Do you have children living at home? There’s a good chance you’re experiencing some form of parenting burnout – especially if you work, have a newborn or toddler(s) at home, a child has special needs, or you’re also caring for aging parents. The modern parent is go-go-going almost 24/7, which can affect physical and emotional well-being.
You are not alone! Research indicates that 66% of parents with children under 18 experience parenting burnout.
Parental Burnout: The Key Signs & What To Do About It
The first step in addressing parental burnout is knowing you have it in the first place.
Signs of parenting burnout
Here are some of the most common signs of parenting burnout:
● Feeling like you’re always tired no matter how much sleep you get.
● Unusual irritability, moodiness, or angry/frustrated responses to everyday life.
● Not wanting to do the things you love when you get any time off.
● There isn’t any free space on the calendar.
● Feeling resentful at your kids (or your partner) and then feeling guilty for feeling resentful.
● Decrease in feelings of life satisfaction or fulfillment.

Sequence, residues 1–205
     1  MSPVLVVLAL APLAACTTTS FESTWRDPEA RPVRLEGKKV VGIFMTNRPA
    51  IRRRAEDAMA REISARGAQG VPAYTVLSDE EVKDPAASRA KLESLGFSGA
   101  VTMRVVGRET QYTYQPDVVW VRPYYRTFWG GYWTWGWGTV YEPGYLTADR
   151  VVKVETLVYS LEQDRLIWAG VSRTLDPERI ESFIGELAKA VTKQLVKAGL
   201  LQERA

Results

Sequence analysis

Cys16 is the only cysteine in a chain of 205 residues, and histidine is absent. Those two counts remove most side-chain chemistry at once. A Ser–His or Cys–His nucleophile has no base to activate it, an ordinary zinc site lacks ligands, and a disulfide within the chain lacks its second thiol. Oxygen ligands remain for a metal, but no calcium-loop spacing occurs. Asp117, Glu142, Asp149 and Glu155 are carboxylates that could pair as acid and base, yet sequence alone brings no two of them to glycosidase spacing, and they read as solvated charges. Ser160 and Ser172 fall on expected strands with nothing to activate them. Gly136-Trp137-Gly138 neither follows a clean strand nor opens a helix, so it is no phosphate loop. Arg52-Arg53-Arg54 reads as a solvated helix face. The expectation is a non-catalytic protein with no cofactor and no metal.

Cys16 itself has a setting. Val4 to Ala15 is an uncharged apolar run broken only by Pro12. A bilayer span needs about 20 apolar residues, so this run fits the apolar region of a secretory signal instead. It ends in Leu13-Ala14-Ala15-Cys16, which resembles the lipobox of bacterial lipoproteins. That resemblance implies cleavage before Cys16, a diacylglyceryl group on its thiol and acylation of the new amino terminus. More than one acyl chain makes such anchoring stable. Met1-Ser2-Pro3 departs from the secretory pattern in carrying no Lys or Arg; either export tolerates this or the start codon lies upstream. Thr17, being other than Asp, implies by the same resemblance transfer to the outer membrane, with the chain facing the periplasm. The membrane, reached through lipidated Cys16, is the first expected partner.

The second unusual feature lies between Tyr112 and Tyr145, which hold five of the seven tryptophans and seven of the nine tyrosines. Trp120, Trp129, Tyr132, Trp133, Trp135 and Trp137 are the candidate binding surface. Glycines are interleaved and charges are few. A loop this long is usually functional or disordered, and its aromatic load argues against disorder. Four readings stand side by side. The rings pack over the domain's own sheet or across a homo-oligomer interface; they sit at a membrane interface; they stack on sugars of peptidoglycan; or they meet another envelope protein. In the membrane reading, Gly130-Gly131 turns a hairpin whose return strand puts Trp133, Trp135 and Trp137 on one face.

● Not knowing where you stop and where the family begins.
● Overeating or not eating enough.
● Feelings of depression or hopelessness, even though your life may look okay to those on the outside.
● Constantly feeling like nothing you do is good enough (you suspect you’re a lousy parent no matter how hard you try).
● Increased use of unhealthy substances (alcohol, smoking, vapinghttps://womenshealthkc.com/5-tips-to-quit-smoking-or-vaping-keep-it-that-way/, recreational drugs, sugar, etc.) to “feel better.”
NOTE: If you have a newborn or infant at home, these signs could indicate a case of the baby blues or postpartum depression – neither of which is the same as parenting burnout. Please reach out to your OB so we can hear more about your experience and ensure you have access to all of the support you need.
In the words of Donkey from Shrek, anyone experiencing parenting burnout constantly feels like “a donkey on the edge,” and it’s time to fix that!
5 Tips to Heal from Burnout
If you suspect you have parenting burnout, you probably do. It’s time to take action, regain balance, and find ways to nourish and heal your depleted self (and nervous system!).
Here are five tips to start healing from burnout, restoring boundaries, and creating space for you – which is healthy modeling for your children and family.
1. Nourish your body with healthy lifestyle choices.
If you’re running on empty all of the time, there’s no way you can take advantage of the next four suggestions on this list. So, we start with nourishing your body with healthy lifestyle choices. Rather than reinvent the wheel, we direct you to our post, 5 Ways to a Healthier Heart, since all the same tenets apply.
The key to nourishing your body through healthy lifestyle choices includes:
● Eating well
● Exercising regularly
● Quitting unhealthy habits
● Keeping up on wellness visits
● And practicing stress management.
2. Clear the calendar of anything that isn’t a “heck yes!”